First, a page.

Form-Production and Experimentation
In 1922, Anni Albers joined the Bauhaus school of Weimar, an avant-garde institution where she would also meet her husband, the painter Josef Albers. A hard-working student and gifted weaver, she went on to assist professor Gunta Stölzl and served as acting director of the weaving workshop several times between 1929 and 1931. When the Bauhaus was closed by the Nazi party in 1933, Albers and her husband moved to North Carolina, USA, where they both took over as teachers at a recently-created free school named Black Mountain College, which was to become a landmark for North American modernism.
This section shows work from both periods, during which Albers’s creative thinking underwent a decisive development. The present selection of Bauhaus works includes preparatory drawings for textiles (some of them executed or replicated decades later, or even posthumously) as well as numerous examples of her research into simple, functional textiles. In the meantime, the pieces created during the 1940s show the liberating effect of experimentation within the artistic community at Black Mountain, where previous rationalist conceptions welcomed an unexpected, intuitive lyricism. It was during this decade that Albers coined the term “pictorial weaving” to refer to the tapestries she hand-wove on the loom. On the formal level, it can be observed how the predominantly orthogonal patterns of her beginnings transitioned toward freer motifs and a direct dialogue between texture and color, sometimes evoking spiritual visions or imaginary landscapes. The selection of works from this period is complemented by selected works announcing Albers’s development in the early 1950s, and a section that documents her inspiring journeys to Latin America with Josef, including ancient textiles acquired then and kept in their personal collection.
Text and Textile: Following the Thread
Albers’s presence on the vibrant American scene was a key factor in her emotional opening to new forms and new practices, and in the consolidation of a singular approach to weaving. By 1949, Albers’s reputation was definitively established by a large solo exhibition organized by the Museum of Modern Art in New York, followed by an extensive tour through museums of the United States. After the Alberses left Black Mountain College for the New Haven area in Connecticut, where they would live for the rest of their lives, Anni continued to combine artistic experimentation and occasional teaching work, while at the same time she produced some of the foundational writings of modern Fiber Art. This part of the exhibition presents a selection of her mature pictorial weavings, where new graphic motifs emerge to evoke ancient writing and suggest a purely rhythmical reading. These are hybrids of text and textile, of the canvas and the page, united on a support consisting entirely of warp and weft. Albers continued to develop this pattern until she stopped hand weaving in 1968.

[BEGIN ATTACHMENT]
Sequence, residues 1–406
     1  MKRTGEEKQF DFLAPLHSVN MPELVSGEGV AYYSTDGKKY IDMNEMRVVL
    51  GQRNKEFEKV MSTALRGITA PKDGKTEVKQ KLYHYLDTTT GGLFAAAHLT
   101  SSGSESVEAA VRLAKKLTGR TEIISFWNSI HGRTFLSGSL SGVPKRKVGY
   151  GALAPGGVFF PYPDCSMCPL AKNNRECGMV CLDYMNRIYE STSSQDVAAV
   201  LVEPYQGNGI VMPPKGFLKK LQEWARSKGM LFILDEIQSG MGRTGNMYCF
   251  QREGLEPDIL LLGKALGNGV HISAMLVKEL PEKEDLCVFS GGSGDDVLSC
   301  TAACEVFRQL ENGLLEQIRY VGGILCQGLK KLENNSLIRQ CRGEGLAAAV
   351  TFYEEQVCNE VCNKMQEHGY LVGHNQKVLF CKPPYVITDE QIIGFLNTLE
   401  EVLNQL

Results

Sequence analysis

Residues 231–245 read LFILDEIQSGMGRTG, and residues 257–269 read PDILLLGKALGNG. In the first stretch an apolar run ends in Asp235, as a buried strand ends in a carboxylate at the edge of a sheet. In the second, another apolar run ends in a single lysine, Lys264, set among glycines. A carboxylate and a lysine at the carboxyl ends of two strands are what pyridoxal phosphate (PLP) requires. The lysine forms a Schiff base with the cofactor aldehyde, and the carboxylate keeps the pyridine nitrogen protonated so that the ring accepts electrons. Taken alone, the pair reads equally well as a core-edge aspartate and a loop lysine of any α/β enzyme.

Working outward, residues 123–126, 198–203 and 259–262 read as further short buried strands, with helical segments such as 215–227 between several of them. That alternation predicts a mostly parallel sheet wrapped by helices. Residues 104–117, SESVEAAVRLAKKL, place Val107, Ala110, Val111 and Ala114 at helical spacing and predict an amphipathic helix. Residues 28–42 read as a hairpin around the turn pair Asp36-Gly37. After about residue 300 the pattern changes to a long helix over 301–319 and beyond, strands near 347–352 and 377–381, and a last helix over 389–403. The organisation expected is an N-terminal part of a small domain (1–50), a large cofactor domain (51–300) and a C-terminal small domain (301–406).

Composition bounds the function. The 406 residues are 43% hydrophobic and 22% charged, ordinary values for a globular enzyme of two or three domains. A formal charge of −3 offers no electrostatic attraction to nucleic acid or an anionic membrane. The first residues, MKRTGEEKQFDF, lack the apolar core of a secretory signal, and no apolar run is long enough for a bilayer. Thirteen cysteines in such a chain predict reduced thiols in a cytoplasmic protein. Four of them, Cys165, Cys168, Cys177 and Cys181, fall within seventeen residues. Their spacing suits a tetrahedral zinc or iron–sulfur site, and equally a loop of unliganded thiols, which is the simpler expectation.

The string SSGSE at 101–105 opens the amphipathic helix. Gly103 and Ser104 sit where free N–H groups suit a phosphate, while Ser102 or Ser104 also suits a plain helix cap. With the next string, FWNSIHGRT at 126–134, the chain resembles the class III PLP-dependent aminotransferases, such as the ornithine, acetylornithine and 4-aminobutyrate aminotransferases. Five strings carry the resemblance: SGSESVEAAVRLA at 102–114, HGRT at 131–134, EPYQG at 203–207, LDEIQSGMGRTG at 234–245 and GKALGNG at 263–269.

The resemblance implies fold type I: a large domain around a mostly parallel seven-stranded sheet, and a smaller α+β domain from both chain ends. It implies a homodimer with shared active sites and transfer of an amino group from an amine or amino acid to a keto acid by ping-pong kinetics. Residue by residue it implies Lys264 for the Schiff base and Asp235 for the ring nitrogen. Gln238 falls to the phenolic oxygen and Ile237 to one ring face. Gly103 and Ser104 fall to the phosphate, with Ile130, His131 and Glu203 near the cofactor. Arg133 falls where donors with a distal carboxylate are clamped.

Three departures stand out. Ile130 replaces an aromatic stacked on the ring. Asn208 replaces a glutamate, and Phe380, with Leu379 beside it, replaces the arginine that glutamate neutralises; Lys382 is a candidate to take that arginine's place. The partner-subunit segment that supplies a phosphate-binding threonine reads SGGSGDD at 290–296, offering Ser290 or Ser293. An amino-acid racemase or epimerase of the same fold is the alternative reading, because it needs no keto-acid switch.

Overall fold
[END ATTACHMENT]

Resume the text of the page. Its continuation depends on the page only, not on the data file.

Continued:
At the same time, the artist started to rethink the role of preparatory drawings and gouaches for her fabrics, and her experiments with graphic techniques led her to produce, in 1964, her first important series of prints in the form of a portfolio titled Line Involvements. In printing work and its associated techniques, Albers found a new space for visual investigation that would eventually replace her textile work completely. On display together with this early graphic series is a selection of sketches, diagrams and photographs associated with the artist’s theoretical development, whose main expression was the book On Weaving, published in 1965.
Reflection and Distribution: The Graphic Territory
Through aquatints, lithographs, silkscreen and offset prints, Albers was able to explore by other means some of the visual concepts that had already appeared in her textile pieces. Her playful experimentations with various chemical processes of engraving ran parallel to her collaboration with some of the finest printers of her time. Albers thus found a means for reflecting on the whole of her earlier oeuvre, as shown by the Connections portfolio, where she offered a concise synopsis of the great visual landmarks of nearly six decades of practice.
In printing, Albers found the ideal element for trying out new compositional patterns and almost infinite visual variations. Seeking higher levels of graphic complexity that reveal structural connections of lines and threads, of drawing and weaving, she multiplied triangular and rhomboid patterns. These forms alternate with the study of intricate lines evoking mazes, knots, and tangled threads in other works. Her designs are often times translated into textile models for large-scale production in collaboration with contemporary manufacturers—a practice whose continuity the artist ensured through the activities of The Josef and Anni Albers Foundation. Through her collaborations with the industry, Albers wanted to situate her work within reach of the public at large, and so demonstrated her commitment to the perennial idea of the Bauhaus that art and design are to be considered as one single field of form-production, and that prototypes should be developed to permit an egalitarian dissemination of artistic forms. The parallelism between the industrialization of the textile product and the graphic object, the possibility of democratizing the artwork, and an implicit critique of creative individualism, all come to the fore during this final period of Albers’s oeuvre.